I wasn’t going to write this blog because I didn’t want people to think I was dull or lame, but I’ve read back my previous blogs and I think we’ll all agree that that ship has sailed. Ed Roberts was known as the ‘father of the Independent Living Movement’, and it is down to his collaboration with other activists during the 1960s and 1970s that many of us enjoy a Personal Assistant Service today.

When I used to spend days researching the history of the Independent Living Movement, what struck me was the lack of progress for people with disabilities prior to the 1960s.  Just twenty years beforehand, people with disabilities were being murdered en masse by the Nazi regime (it is estimated that 700,000 disabled people were murdered during World War II). The 1960s, however, was a ‘radical’ period of social change, when people in America started to speak out against injustice, and marked the start of women and ‘black’ people as they were known starting to take radical steps to achieve equality.

Ed contracted polio  in 1953, at the age of fourteen. He never recovered, and was essentially paralysed and left dependent on an iron lung. As time went by, he could spend time out of the lung using a technique known as ‘frog breathing’.

 Given the culture of the time, Ed was deeply ashamed of his newly acquired disability and stayed at home, completing some of his high-school education over  the telephone. His mother eventually forced him to go back to school for a few hours a week, and Ed learned that being different was not necessarily a bad thing. He began to see himself as a ‘star’ and wondered how he could use this to his advantage.

Like many people with disabilities, even today, Ed and his mother Zona had to fight so that Ed could complete his high school diploma. The school initially refused to award Ed his diploma because he couldn’t get his driving licence or do PE. This decision was overturned after much protest from Ed and Zona. Ed then decided that he wanted to study at the University of California in Berkeley, and was famously told, ‘We’ve tried cripples before and it didn’t work.’ Eventually he was granted campus accommodation, a small wing of the university hospital, the only place that Ed could put his iron lung. Ed agreed on the condition that the space was treated as a dorm, not a hospital.

Ed’s admission into the University paved the way for other people with disabilities to stay on campus too. They formed a group, dubbing themselves ‘The Rolling Quads’ and started enlisting the help of ‘attendants’ (now known as Personal Assistants) who they recruited, trained and fired themselves. This was a radical concept – disabled people directing their own services. Ed referred to it as ‘cripple power’, and the idea of the person with the disability directing services remains central to the Independent Living Philosophy. Ed helped to open the first Center for Independent Living in Berkeley in 1972.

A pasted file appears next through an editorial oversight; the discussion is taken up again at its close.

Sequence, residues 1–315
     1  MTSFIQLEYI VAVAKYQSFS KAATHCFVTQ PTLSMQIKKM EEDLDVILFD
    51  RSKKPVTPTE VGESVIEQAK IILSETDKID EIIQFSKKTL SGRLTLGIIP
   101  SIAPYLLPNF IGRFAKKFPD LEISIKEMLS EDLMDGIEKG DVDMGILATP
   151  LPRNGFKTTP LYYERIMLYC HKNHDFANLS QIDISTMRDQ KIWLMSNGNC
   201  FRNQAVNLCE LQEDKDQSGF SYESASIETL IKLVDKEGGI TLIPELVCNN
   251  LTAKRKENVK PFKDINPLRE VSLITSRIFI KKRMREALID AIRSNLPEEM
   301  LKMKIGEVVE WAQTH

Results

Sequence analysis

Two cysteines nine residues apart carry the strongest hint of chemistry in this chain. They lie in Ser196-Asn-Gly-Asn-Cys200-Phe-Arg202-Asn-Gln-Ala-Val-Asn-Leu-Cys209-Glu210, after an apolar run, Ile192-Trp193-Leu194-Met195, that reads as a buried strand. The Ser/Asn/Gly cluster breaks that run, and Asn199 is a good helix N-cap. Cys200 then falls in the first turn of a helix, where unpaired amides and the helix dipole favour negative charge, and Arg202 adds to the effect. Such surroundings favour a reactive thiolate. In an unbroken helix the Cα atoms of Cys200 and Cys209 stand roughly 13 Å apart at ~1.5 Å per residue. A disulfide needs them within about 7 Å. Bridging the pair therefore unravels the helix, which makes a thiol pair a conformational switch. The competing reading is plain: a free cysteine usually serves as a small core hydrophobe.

As you can tell, I’m fascinated by the Ed Roberts story, and always have been. He was one of the pioneers of a service that I, and so many others, enjoy today. Yet in spite of positive progress in Ireland, namely the opening of Dublin CIL in 1992, many people with disabilities in Ireland still live in fear of their Personal Assistant Hours being cut. Many are institutionalised in their own  homes, having a service only to help them up out of bed and put them back into it. Ever since the recession hit Ireland, the concept of empowerment has disappeared and instead we are left to prove, time and time again, that our PA services allows us to live, not just merely exist.

And for me, that’s why I will always try to honour the memory of Ed Roberts – not because he was some absolutely godly man who is my inspiration, but because he was an ordinary man who was prepared to fight for the ordinary things that sadly, many people with disabilities still can’t afford to take for granted – PA Services, education, employment. The only way to achieve true equality is to come together and shout loud to make ourselves heard. We must be Ed’s legacy so that our children can be ours.

To me, Ed isn’t just inspirational. He is so, so much more than that, and deserves to be remembered as more than that. He and his colleagues gave us the opportunity to pursue our dreams, live in our own homes and have our own families. Above all, he taught us never to accept the status quo, as equality will never be achieved through complacency.